Friday, December 4, 2009

Window on Eurasia: Moscow Can Gain Azerbaijan as a Strategic Partner without Sacrificing Its Ties to Armenia, Baku Analyst Says

Paul Goble

Vienna, December 4 – One of the fundamental assumptions about Russia and the Southern Caucasus is no longer true in the wake of the August 2008 Georgian war, an Baku commentator says, and consequently Moscow can develop a strategic partnership with Azerbaijan “without losing its old ally,” Armenia.
In an essay in the current issue of “Vestnik Kavkaza,” Emma Tariverdiyeva argues that it is no longer the case that Moscow would have to sacrifice its relations with Armenia in order to achieve a warming of ties with Azerbaijan. Instead, she says, the Russian government can achieve good relations with both (
That geopolitical change has its roots in the August 2008 war, as a result of which the Russian-Georgian frontier was closed. That means that for the first time, the three longest borders in the South Caucasus were shut – the Armenian-Azerbaijani and Armenian-Turkish borders were already closed – and that all of the players needed to take some radical steps.
Over the last 15 months, the Trend News writer says, three of those have occurred – the development of relations between Armenia and Turkey, the intensification of talks on Nagorno-Karabakh, and new energy projects, all of which both reflect and further transform changed geopolitical assumptions in that region.
For the first time since the Cold War, she continues, Russia has been able to “reacquire the status of one of the key regional players.” It has expanded its contacts with Turkey, “by supporting Ankara’s plans for a ‘Stability and Cooperation Platform in the South Caucasus’” and by backing the normalization of relations between Yerevan and Ankara.
Many observers were surprised by Russia’s rapprochement with Turkey in this regard given that Ankara has its own agenda in the South Caucasus, one that challenges Moscow’s position there. But Tariverdiyeva says that the new ties are turning out to be “profitable” for both sides.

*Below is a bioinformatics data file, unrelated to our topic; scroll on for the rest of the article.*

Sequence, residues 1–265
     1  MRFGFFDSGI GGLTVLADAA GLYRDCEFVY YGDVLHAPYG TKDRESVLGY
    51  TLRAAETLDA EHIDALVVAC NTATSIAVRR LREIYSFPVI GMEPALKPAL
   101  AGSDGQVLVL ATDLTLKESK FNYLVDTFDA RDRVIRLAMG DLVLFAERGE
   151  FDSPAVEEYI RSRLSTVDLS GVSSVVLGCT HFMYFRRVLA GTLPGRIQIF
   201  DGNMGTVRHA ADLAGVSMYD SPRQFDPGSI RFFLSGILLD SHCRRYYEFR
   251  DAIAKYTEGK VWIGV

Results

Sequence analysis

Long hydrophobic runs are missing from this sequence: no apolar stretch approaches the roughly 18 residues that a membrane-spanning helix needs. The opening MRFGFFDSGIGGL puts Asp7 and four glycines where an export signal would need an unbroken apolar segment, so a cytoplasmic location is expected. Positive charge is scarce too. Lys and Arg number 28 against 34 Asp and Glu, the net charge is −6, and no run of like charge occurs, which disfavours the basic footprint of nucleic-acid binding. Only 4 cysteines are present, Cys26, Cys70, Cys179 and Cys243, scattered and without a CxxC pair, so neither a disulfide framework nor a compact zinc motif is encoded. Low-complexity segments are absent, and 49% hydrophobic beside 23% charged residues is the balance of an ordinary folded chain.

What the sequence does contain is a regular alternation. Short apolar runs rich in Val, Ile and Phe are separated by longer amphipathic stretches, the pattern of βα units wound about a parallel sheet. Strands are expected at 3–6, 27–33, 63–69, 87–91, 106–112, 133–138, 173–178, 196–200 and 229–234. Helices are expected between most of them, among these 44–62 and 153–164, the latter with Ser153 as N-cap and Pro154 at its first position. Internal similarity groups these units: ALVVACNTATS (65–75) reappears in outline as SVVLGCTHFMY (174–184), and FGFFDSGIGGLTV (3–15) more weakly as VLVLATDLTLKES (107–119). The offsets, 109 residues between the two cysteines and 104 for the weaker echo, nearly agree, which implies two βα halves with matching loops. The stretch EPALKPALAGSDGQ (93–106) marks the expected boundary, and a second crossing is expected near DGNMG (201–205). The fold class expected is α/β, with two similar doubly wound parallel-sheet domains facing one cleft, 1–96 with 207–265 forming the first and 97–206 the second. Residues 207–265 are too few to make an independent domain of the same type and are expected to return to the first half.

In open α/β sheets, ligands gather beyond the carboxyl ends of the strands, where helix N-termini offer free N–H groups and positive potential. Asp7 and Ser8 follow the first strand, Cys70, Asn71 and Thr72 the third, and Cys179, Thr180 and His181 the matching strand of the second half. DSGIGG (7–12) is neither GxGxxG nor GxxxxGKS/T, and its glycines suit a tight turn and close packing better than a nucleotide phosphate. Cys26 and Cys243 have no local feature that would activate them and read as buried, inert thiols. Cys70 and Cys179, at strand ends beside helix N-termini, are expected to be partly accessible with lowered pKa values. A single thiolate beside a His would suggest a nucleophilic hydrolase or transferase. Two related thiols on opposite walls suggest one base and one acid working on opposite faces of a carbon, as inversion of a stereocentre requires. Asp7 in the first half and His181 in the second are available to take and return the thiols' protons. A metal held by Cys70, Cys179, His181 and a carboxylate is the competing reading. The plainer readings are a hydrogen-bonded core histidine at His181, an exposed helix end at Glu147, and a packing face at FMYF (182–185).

On the one hand, Turkey has “a multitude of problems in its relations with Armenia,” given that the latter remains “an ally and partner of Moscow in the Caucasus.” But on the other, “Russia has interests in Azerbaijan,” which can be promoted only by a certain shift in Moscow’s position on Armenia.
But precisely because the Armenian-Turkish rapprochement has contributed to a certain “cooling” in relations between Azerbaijan and Turkey, Tariverdiyeva says, “Russia is right to use the situation in order to improve its relations with Baku,” which has both energy resources and transportation routes in which Moscow is vitally interested.
“The only way toward a genuine change in the situation in the South Caucasus,” however, is “the regulation of the oldest frozen conflict in the Caucasus” – Nagorno-Karabakh. In the past, because of its ties with Armenia, Moscow was not prepared to push hard for this, seeing the continuation of the status quo as bringing Russia benefits.
Now, however, two things have changed in that calculus. After the Georgian war, Russia very much wants to win for itself “the image of a peacemaker,” and because Turkey won’t ratify the protocols if Yerevan does not begin to withdraw from the occupied territories, Moscow has an additional reason to press Armenia.
By pushing Armenia to withdraw then, the Russian government will win friends in Baku, which Moscow ultimately wants because “Azerbaijan is the most strategically important country in the Southern Caucasus, the geopolitical center of the region and a territory rich with energy resources.”
Indeed, the Trend commentator notes, Gazprom has already declared that “it intends to purchase gas from Baku at a price three times larger than the 120 US dollars per 1,000 cubic meters that Azerbaijan had been selling natural gas to Turkey,” something that will also solidify Russia’s position there.
While doing this, she argues, Moscow can be confident that it will not lose its influence in Armenia. Yerevan “will never trust Turkey as much as it trusts Moscow,” she points out. There is simply too much history – including the events of 1915 and Armenian actions against Turkish diplomats – for that to change anytime soon.
As a result, Tariverdiyeva says, “Russia will be able to acquire a strategic partner in the region [Azerbaijan] without losing its longtime ally [Armenia].” Her conclusion may be overly optimistic, as she herself implies, but the appearance of such arguments shows how changes since the Georgian war are calling into question the assumptions many still make.

No comments: